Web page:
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The Numbers Station Blu-ray Review

numbers-station-blu-ray-coverU.S. Release

  • Aspect Ratio: 2.40:1
  • Video Codec: AVC/MPEG-4
  • Resolution: 1080p/24 (23.976Hz)
  • Audio Codec: English DTS-HD Master Audio 5.1 (48kHz/24-bit)
  • Subtitles: English, English SDH, Spanish
  • Subtitles Color: White
  • Region: A (Region-Locked)
  • Rating: R
  • Discs: 1 (1 x Blu-ray)
  • Digital Copies: N/A
  • Run Time: 119 Mins.
  • Studio: RLJ Entertainment
  • Blu-ray Release Date: May 28, 2013
  • List Price: $29.97

Overall
[Rating:3.5/5]
The Film
[Rating:3.5/5]
Video Quality
[Rating:3.5/5]
Audio Quality
[Rating:3.5/5]
Supplemental Materials
[Rating:0.5/5]

Click thumbnails for high-resolution 1920X1080p screen captures

(The below TheaterByte screen captures were taken directly from the Blu-ray Disc and losslessly compressed in the PNG format. There should be no loss of picture quality with this format. All screen captures should be regarded only as an approximation of the full capabilities of the Blu-ray format.

The Film

[Rating:3.5/5]

 Numbers-Station-BD_01

This indie action thriller from director Kasper Barfoed is a competent if not entirely original concept that effectively evokes a nearly claustrophobic sense of suspense, but never really sells the mystery it’s trying to push at the core of its plot.

John Cusack (Grosse Point Blank; High Fidelity) stars – with hair so black it looks like shoe polish was used to color it – as former black ops agent, Emerson, reassigned to “babysit” a civilian at one of the numerous secret short wave broadcast stations used to send encrypted messages to operatives around the world. He and his civilian partner, the cryptologist Katherine (Malin Akerman), part of a team of rotating broadcasters, are soon trapped fighting for survival in the heavily fortified bunker as a mysterious group of men are trying to break in – having already killed the other team – in order to broadcast an unauthorized set of numbers.

Like the best of the closed-in thrillers, such as The Hunt for Red October or The Petrified Forest, The Numbers Station makes the best of its confined space, and Barfoed does well to engage the audience with what is a rather well filmed and sleek looking film on a relatively small independent budget.

The strongest element of The Numbers Station, however, is the performance from John Cusack who is playing a government hit man at the end of his rope – washed up, tired of killing, a recovering alcoholic — he’s like the character Cusack played in Grosse Point Blank many years later, well after the thrill has worn off, and the killing has become too much to bear. His performance alone, and his interaction with Malin Ackerman, is enough to keep us wanting to watch what happens next.

Still, the central mystery of the film, as we soon learn, is who and how did these criminals gain so much access and knowledge about this covert station and what are their plans. This plot falters pretty early on, becoming a bit cliché and obvious, but it doesn’t hinder the tension of the other main them concerning whether or not Emerson and Katherine can both make it out of this tight situation alive. That, Cusack, and the production values make this little thriller worthy of sitting through.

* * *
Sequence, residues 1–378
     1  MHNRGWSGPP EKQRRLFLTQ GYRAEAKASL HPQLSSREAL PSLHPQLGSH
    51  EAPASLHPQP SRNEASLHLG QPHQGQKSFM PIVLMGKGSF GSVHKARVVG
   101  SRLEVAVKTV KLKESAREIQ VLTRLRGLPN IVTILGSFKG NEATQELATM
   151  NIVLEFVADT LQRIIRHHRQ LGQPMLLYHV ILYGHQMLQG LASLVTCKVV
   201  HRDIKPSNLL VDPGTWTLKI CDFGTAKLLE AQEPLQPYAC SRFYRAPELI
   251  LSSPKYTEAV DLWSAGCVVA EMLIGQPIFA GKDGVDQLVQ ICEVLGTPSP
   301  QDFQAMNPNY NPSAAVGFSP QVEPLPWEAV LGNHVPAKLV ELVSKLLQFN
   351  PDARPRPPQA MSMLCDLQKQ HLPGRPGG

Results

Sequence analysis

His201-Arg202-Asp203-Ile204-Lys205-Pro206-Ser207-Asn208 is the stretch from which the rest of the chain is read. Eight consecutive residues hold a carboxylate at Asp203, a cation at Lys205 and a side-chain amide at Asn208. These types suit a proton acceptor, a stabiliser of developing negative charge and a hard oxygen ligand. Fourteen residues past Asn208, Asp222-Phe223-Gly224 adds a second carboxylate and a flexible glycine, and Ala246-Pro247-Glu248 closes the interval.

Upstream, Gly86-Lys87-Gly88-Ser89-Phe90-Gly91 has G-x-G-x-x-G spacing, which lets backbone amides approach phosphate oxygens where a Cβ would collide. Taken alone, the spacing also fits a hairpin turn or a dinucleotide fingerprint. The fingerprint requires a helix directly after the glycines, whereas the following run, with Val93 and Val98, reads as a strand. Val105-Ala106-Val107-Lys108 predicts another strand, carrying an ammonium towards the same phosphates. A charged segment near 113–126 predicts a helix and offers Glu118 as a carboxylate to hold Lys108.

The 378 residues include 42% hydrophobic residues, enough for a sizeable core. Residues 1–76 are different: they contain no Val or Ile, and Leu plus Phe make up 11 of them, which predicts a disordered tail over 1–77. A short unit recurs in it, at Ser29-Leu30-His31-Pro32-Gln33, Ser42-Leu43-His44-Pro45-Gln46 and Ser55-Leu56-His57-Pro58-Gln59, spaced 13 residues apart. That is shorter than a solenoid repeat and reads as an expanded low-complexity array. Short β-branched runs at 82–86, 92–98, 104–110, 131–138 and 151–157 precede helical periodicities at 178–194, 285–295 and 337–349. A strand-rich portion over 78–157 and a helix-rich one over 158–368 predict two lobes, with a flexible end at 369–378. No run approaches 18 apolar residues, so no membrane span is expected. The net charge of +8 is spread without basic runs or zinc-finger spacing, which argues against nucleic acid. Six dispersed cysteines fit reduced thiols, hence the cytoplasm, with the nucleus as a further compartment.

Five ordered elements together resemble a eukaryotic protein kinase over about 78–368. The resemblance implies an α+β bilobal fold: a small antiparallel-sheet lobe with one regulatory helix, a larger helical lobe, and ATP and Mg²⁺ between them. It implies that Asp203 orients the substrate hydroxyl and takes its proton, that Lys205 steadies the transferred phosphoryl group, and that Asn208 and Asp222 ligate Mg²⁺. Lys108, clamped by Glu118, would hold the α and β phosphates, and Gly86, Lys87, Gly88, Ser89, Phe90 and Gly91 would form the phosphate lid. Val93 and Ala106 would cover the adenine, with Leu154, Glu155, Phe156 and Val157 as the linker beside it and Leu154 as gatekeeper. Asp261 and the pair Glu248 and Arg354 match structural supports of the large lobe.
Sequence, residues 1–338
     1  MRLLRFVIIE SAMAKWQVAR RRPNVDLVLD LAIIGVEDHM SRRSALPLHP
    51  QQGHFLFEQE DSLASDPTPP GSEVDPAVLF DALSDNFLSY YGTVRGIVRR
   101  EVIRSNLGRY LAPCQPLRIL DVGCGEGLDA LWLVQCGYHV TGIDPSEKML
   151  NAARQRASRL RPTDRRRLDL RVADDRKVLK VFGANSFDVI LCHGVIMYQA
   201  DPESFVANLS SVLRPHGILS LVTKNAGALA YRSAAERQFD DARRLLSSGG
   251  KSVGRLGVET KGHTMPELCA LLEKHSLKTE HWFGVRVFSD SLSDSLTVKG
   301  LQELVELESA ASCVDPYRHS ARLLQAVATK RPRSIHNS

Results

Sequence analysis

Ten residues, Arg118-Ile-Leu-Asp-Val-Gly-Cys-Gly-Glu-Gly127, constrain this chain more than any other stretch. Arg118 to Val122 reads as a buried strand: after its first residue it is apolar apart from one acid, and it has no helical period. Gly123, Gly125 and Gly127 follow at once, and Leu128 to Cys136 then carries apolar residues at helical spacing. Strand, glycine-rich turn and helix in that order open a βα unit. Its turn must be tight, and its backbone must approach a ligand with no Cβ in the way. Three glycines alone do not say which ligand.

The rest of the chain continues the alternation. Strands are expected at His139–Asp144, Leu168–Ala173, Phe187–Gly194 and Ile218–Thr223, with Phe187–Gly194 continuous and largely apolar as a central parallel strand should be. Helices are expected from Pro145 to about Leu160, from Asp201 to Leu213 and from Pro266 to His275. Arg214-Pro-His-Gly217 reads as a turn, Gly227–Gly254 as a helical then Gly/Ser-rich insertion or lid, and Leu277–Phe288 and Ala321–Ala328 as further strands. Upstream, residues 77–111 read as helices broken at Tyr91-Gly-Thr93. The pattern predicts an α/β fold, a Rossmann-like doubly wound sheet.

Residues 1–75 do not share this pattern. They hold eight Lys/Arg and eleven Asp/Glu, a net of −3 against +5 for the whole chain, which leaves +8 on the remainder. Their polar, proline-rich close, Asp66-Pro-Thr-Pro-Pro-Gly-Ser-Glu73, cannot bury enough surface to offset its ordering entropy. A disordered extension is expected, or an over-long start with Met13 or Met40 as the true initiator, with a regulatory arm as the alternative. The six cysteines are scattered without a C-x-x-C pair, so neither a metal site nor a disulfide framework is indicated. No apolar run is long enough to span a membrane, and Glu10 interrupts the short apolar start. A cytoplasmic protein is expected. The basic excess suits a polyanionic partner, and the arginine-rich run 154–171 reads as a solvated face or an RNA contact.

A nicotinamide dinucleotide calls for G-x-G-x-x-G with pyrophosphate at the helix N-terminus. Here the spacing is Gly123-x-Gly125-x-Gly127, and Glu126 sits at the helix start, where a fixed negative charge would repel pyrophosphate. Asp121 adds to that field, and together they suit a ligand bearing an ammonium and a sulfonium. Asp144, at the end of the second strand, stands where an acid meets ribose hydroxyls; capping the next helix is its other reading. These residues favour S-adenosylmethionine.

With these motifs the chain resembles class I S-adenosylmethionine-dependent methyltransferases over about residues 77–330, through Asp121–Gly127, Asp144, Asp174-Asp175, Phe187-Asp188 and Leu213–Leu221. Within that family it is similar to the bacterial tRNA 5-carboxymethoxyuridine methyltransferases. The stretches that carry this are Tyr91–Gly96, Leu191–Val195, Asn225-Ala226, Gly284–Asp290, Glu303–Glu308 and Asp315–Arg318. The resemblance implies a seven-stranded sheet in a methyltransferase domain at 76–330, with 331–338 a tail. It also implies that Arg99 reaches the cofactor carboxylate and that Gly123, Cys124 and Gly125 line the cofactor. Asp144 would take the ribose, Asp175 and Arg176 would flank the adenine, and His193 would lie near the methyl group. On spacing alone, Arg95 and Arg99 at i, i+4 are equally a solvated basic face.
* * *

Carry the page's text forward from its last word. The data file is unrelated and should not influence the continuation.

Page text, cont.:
Video Quality

[Rating:3.5/5]

Numbers-Station-BD_02

Shot on the Arri Alexa in high definition, The Numbers Station arrives on Blu-ray in a competent if somewhat flawed AVC/MPEG-4 1080p encodement from RLJ Entertainment. Close-ups have strong detail and blacks have great depth, but the shadowy imagery of this film tends to get quite murky and there is certainly a lot of video noise that can be spotted, as well as other digital issues such as some mild banding in places.

Audio Quality

[Rating:3.5/5]

Numbers-Station-BD_03

An average English  DTS-HD Master Audio 5.1 (48kHz/24-bit) soundtrack is supplied that has much of its high frequencies rolled off, apparently, and a big low end. The result is something that sounds rather boomy, with gunshots that thump, dialogue that, though clear and intelligible, sounds a little veiled, and ambience that is dull.

Supplemental Materials

[Rating:0.5/5]

Numbers-Station-BD_04

A run-of-the-mill Making of with brief interview segments and some production footage is all that’s included here.

  • The Making of The Numbers Station (1.78:1; 1080p/24; 00:14:26)

The Definitive Word

Overall:

[Rating:3.5/5]

Numbers-Station-BD_05

John Cusack and the competent direction of Kasper Barfoed help propel this small action-thriller, making it a strong contender for weekend rental material. It may not go toe-to-toe with the greatest thrillers out there, but you won’t be bored at all with this one.

Additional Screen Captures

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Purchase The Numbers Station on Blu-ray at CD Universe

Shop for more Blu-ray titles at Amazon.com

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[amazon-product]B00BNH9O38[/amazon-product]

Purchase The Numbers Station on Blu-ray at CD Universe

Shop for more Blu-ray titles at Amazon.com

Overall
[Rating:3.5/5]
The Film
[Rating:3.5/5]
Video Quality
[Rating:3.5/5]
Audio Quality
[Rating:3.5/5]
Supplemental Materials
[Rating:0.5/5]

 

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